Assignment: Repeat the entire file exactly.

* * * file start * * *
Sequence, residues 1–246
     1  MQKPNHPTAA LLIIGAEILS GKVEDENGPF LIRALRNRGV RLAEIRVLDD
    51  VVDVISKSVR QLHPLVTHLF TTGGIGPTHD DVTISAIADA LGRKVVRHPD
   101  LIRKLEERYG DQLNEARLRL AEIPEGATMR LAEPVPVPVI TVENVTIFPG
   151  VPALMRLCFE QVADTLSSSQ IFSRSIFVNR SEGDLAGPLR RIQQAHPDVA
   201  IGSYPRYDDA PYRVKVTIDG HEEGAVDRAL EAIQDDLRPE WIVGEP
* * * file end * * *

Sequence, residues 1–246
     1  MQKPNHPTAA LLIIGAEILS GKVEDENGPF LIRALRNRGV RLAEIRVLDD
    51  VVDVISKSVR QLHPLVTHLF TTGGIGPTHD DVTISAIADA LGRKVVRHPD
   101  LIRKLEERYG DQLNEARLRL AEIPEGATMR LAEPVPVPVI TVENVTIFPG
   151  VPALMRLCFE QVADTLSSSQ IFSRSIFVNR SEGDLAGPLR RIQQAHPDVA
   201  IGSYPRYDDA PYRVKVTIDG HEEGAVDRAL EAIQDDLRPE WIVGEP